If You Were Blind, Would You Cut in Line?

Roller Coaster

This is something that is often–sometimes hotly–debated in the blind community. A lot of times, when you go to amusement parks, if you carry a cane you can cut to the front of the line and go first on all the rides. The last time I was at a leadership seminar for the National Federation of the Blind, we had a roundtable discussion about this issue, what we thought and what our experiences had been.

This is something I never really encountered growing up. My family went to amusement parks pretty often, but since I don’t use a cane, no one ever approached us and invited us to the front of the line, except maybe when we went to Disney World, I have some vague memory that it may have happened then.

When I was a teenager, I was at a career exploration for blind teens program and we went to Six Flags. They gave us all canes and told us we wouldn’t have to wait to get on any of the rides. It was a weird experience, especially since I’d never done this before. I think I walked around with my eyes closed during parts of that trip, pretended to need to take people’s elbows when I didn’t and just generally tried to appear even more blind to somehow justify getting ahead. A lot of the others I was with were doing the same. It was kinda nice to bypass all the waiting, especially at Six Flags, but it felt so weird.

The philosophy of the organized blind would support not taking this special treatment. The thought process goes that when blind people go to the front of the line, it reinforces the stereotype that blind people are dependent, need pity and can’t do things like normal people. I usually agree with this. If there’s no physical reason that requires getting onto the ride early, you might as well wait in line like everyone else. Maybe it’s because that’s what I grew up doing, that’s my experience.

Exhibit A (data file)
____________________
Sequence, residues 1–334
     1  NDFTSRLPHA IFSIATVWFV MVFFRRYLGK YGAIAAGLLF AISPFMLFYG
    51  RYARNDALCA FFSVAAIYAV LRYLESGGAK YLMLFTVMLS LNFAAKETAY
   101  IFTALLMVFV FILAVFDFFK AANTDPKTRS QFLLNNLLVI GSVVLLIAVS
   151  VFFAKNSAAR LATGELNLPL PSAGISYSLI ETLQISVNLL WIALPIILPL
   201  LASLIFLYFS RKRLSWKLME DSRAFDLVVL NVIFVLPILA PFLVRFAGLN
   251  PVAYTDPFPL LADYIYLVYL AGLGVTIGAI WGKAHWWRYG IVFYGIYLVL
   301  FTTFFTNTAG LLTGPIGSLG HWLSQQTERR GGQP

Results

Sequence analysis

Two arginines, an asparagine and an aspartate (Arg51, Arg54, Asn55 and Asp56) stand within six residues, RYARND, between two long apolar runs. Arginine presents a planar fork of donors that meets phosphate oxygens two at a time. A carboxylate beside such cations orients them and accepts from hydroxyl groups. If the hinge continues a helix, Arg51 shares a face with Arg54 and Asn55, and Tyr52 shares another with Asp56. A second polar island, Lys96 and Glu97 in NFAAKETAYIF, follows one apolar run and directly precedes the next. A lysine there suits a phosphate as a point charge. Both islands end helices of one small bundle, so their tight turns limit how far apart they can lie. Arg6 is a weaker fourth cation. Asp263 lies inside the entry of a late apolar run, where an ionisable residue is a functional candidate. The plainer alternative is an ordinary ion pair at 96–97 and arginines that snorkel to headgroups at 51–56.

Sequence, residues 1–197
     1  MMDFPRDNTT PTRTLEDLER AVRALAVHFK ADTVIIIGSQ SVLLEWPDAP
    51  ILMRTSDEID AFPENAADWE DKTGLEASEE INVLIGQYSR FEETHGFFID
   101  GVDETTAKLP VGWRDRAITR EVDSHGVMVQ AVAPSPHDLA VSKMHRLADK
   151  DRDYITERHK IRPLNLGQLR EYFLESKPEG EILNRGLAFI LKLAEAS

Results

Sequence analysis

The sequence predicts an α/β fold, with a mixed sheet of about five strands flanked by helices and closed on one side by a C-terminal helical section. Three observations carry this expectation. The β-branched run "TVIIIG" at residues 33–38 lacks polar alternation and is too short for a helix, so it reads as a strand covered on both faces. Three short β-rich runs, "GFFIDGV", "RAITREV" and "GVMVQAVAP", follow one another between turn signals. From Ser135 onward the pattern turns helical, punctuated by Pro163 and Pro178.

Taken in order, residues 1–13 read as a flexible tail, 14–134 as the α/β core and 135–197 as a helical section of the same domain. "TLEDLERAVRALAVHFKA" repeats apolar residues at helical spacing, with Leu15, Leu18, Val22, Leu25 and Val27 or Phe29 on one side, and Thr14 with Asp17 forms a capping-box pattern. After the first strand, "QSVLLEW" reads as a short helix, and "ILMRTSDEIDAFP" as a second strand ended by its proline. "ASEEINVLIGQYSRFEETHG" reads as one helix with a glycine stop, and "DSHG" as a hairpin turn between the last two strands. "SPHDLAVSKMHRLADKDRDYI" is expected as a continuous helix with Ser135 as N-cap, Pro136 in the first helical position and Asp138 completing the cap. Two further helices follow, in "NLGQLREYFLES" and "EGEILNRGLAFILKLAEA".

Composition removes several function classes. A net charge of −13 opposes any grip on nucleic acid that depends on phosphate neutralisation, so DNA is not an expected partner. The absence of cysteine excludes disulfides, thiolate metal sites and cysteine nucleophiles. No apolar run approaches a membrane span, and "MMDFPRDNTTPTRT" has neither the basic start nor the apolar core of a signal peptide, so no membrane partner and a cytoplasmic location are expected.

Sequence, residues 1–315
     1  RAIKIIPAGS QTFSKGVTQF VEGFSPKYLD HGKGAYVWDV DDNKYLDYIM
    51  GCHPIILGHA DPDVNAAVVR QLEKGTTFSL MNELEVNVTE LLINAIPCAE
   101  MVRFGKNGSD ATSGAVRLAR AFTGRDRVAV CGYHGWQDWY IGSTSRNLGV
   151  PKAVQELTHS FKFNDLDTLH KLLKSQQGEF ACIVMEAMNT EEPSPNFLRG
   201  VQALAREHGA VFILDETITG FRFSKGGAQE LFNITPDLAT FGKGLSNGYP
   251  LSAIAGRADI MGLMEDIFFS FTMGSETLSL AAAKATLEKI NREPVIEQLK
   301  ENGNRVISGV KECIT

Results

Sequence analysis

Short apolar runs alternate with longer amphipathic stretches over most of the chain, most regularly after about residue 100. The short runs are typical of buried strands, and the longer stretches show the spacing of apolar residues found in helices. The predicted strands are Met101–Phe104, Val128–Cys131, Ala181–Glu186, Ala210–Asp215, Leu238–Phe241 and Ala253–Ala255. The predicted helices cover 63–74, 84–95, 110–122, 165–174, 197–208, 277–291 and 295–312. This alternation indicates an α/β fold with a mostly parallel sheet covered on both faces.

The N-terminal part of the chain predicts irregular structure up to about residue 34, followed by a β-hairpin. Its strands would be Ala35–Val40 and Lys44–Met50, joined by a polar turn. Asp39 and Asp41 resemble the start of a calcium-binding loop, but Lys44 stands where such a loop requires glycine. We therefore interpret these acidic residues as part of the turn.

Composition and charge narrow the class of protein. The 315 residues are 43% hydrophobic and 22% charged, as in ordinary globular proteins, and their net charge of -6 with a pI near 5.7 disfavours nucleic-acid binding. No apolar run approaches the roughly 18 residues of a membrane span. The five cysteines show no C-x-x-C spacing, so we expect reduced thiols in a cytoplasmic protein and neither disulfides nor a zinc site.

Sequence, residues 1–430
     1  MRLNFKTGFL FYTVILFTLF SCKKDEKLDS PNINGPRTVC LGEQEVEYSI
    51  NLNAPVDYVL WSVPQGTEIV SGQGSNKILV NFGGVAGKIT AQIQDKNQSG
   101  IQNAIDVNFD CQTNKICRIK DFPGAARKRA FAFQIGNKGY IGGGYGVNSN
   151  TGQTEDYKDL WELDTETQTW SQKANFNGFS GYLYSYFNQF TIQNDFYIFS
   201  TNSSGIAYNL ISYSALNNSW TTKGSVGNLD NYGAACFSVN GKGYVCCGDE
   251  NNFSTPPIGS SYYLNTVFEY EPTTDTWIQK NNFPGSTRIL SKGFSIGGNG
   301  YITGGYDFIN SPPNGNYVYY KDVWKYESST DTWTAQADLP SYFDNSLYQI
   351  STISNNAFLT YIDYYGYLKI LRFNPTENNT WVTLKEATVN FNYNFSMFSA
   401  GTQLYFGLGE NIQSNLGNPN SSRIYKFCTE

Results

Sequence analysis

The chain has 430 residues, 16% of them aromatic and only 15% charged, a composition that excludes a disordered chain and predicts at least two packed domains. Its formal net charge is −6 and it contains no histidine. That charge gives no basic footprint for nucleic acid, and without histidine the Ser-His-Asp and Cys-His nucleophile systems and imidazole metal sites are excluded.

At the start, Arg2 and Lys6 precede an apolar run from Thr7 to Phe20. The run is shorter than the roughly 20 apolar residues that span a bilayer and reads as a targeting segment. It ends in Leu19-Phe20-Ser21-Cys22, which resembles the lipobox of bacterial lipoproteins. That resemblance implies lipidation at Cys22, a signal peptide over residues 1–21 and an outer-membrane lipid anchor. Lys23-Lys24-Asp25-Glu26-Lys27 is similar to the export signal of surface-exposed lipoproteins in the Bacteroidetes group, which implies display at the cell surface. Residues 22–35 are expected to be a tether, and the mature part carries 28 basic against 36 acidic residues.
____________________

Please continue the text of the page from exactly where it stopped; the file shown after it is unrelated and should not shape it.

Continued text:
But, we are all human, and sometimes you want to say to hell with it all and just make life a little easier on yourself.At the leadership seminar, a few people admitted, a bit sheepishly, to using their canes to avoid the long lines.

Recently, I was with a blind friend who doesn’t always use a cane but has one and we went to an amusement park. It was really hot and we plotted to use her cane to cut in line and swore to keep our discretion secret from all our other blind friends and our blind community.

As the day approached, we got a little less excited about it, both of us feeling weird about it. When we got there, the place was nearly empty so there was no need to wait anyway. If there had been lines, maybe we would’ve cut ahead, maybe not. And what if they’d been really long lines?

Who’s to say, in the moment, what you will or won’t do?

~EJ

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